4:02 p.m. - Jill gets back on the IFB line. "Allison, here is a new one that I need you to take down. Ready? 'I can't give specifics yet..." she starts. "Oh okay, I can wait." "No, Allison, that is the joke..." Could it possibly get any worse?
4:05 p.m. - The cards are done. Trisha has looked at them. They are all in order. The sweating remains uncomfortable but things seem under control.
4:07 p.m. - I hear cheers outside, indicating someone's arrival. They are calling for me on the IFB again. Jill says that the order of the jokes needs to be redone. Dean has walked into the diner. I am using his IFB to hear Jill from the Letterman show in N.Y., but the technician unhooked the microphone so I can hear Jill but she can't hear me. At one point, I have to move closer to Dean and lean in to the microphone that is now attached to his lapel.
"Jill, I can hear you just tell me the order." Jill reads out each joke in the correct order while I rearrange the cue cards and I gave a thumbs-up to the camera to let her know I had it down.
4:10 p.m. - I am behind the camera and things are rolling. Letterman's control room is talking to Dean in his ear and he is practicing the jokes. He is a bit of a stiff. The line about his showing more skin took a number of takes because he couldn't get he whole blazer off the shoulder movement.
4:15 p.m. - We get to number three: "I can't give specifics yet but it involves, Ted Danson." Dean reads the line but looks confused. "Shouldn't that say, 'I can't give specifics yet but it involves, tap dancing?'" he says. Everyone looks around with no clue as to what he is talking about.
4:16 p.m. - Someone that I swear I have never seen before pipes up: "Ted Danson is a running joke at the David Letterman show." Everyone seems to buy it because before I know it we are back on track and counting down.
4:20 pm - Rob Reiner taps me on the shoulder. "Do you know the Ted Danson joke?" "Uh, no. I don't know what it means."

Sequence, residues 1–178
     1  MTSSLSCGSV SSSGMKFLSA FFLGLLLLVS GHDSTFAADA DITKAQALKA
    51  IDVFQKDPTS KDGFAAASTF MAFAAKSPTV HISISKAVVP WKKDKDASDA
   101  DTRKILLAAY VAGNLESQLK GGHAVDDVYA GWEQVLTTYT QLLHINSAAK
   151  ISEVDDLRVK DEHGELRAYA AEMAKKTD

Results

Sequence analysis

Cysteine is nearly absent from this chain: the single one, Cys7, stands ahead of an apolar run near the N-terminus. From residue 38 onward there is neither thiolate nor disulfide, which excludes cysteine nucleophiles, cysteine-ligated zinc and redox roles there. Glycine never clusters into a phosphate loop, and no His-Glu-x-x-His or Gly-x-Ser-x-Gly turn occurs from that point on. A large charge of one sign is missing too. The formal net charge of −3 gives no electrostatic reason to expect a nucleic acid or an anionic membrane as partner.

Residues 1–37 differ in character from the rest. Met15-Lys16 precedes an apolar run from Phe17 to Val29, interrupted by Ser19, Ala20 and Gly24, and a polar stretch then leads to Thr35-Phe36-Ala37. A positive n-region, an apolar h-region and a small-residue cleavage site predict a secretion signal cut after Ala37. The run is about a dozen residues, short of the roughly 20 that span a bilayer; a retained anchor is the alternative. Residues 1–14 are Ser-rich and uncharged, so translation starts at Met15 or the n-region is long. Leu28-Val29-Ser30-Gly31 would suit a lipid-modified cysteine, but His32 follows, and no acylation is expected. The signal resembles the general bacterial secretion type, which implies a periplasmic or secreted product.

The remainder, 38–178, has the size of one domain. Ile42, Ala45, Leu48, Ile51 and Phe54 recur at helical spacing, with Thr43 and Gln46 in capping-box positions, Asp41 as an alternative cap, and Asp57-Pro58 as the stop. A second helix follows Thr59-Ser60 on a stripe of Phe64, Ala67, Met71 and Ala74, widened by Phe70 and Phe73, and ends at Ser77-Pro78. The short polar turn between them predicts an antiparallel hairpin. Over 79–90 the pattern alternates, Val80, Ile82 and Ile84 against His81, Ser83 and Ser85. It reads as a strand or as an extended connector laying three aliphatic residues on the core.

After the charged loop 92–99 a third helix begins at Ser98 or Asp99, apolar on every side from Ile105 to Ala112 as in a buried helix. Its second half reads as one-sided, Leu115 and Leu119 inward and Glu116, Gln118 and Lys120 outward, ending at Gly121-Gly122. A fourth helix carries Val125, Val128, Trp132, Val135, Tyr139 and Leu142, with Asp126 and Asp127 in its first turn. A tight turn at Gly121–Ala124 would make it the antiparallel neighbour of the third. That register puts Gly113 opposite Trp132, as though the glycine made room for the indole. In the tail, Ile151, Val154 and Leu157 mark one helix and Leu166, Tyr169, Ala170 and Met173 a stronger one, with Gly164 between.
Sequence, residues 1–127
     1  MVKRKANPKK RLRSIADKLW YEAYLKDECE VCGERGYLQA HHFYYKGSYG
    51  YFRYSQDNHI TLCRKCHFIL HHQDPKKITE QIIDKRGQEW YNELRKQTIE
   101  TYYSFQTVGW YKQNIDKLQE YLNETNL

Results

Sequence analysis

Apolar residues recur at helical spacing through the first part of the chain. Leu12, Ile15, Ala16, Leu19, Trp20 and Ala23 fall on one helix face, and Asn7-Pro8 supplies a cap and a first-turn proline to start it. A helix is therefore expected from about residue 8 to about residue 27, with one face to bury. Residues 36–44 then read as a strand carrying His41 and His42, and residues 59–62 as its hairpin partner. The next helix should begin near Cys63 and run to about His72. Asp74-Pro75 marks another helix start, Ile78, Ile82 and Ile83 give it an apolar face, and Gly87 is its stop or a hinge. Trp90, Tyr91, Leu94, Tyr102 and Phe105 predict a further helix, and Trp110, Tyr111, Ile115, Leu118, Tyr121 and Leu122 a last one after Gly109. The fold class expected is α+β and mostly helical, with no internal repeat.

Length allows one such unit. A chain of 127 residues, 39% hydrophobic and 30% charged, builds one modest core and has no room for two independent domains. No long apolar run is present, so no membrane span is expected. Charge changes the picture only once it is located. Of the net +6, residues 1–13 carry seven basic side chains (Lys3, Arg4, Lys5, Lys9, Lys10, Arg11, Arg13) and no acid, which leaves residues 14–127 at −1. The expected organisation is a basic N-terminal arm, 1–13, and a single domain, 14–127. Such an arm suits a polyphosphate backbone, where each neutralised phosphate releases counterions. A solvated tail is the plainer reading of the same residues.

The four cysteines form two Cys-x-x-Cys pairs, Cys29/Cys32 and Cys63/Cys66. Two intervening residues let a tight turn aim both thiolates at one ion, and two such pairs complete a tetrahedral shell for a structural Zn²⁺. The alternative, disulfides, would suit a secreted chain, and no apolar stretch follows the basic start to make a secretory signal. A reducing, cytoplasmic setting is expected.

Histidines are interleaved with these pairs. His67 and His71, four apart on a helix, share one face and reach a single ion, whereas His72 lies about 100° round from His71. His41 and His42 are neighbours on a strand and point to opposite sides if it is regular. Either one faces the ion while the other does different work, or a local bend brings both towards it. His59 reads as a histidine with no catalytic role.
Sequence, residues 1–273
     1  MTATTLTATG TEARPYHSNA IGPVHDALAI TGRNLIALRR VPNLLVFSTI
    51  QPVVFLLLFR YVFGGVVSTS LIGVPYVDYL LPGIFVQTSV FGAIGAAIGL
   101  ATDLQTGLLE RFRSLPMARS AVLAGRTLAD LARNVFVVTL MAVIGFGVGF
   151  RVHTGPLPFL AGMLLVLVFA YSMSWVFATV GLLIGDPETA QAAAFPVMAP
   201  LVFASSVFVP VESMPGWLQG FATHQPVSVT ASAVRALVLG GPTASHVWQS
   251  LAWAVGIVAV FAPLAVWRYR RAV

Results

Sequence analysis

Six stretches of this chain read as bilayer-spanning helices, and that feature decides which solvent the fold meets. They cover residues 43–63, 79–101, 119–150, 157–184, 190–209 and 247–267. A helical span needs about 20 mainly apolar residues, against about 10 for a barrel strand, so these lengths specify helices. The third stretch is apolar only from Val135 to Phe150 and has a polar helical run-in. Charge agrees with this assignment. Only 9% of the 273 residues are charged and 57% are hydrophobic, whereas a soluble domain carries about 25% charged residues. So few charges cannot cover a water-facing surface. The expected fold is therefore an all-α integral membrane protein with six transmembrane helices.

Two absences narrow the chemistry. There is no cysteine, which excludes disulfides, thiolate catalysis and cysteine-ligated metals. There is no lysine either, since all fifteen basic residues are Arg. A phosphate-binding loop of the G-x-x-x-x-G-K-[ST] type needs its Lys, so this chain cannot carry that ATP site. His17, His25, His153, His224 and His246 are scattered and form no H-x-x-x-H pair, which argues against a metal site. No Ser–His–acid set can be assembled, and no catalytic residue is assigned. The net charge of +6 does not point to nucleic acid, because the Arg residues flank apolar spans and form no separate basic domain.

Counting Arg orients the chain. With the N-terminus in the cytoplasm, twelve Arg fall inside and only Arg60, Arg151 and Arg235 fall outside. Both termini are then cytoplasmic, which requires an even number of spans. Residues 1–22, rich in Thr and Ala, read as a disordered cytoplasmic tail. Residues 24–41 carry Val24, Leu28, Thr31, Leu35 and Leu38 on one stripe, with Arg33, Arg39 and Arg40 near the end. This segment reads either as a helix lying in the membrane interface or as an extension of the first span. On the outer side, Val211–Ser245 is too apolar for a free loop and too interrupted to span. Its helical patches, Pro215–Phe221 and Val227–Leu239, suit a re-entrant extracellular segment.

He gives me an uncomfortably dirty looks and storms away from the set.
4:25 p.m. - We end with Dean taping an awkward wave to Dave and everyone is out of the bakery as quickly as they came.
I never saw Rob Reiner again. And After a long breath, I realized how badly I needed a shower.
SEN. JOE LIEBERMAN, D-Conn.
Fri. Jan. 23: The Lovebirds.
Hadassah and Joe are a touchy couple. Whenever they're together, they're touching; which is often these days. The Liebermans rented an apartment in Manchester for the month of January. No Judith Steinberg Dean syndrome, here.
It's actually quite nice to see a couple so in love, especially since it's a second marriage for both and because it seems quite stressful to have a spouse away for such a long amount of time, let alone one who is running for the nation's highest office.
Tonight, after the New Hampshire debate, the Lieberman campaign and supporters celebrated at a bar near the Joe 2004 Manchester headquarters. Hadassah stood by her man in a tweed suit and heels, looking all first lady-y. When Joe finished revving up the crowd and sharing his vision of "a political uprising", i.e. building on momentum following his "best debate ever," the two stepped off the riser to greet the crowd and thank them for their support. The music started playing (blasting is probably more accurate) and, swept up by the mood, Hadassah took Joe's hands and began to dance with him. Before you knew it, the crowd had cleared a path for the twirling duo and, for a split-second, it almost felt as though, for those two, no one else was in the room.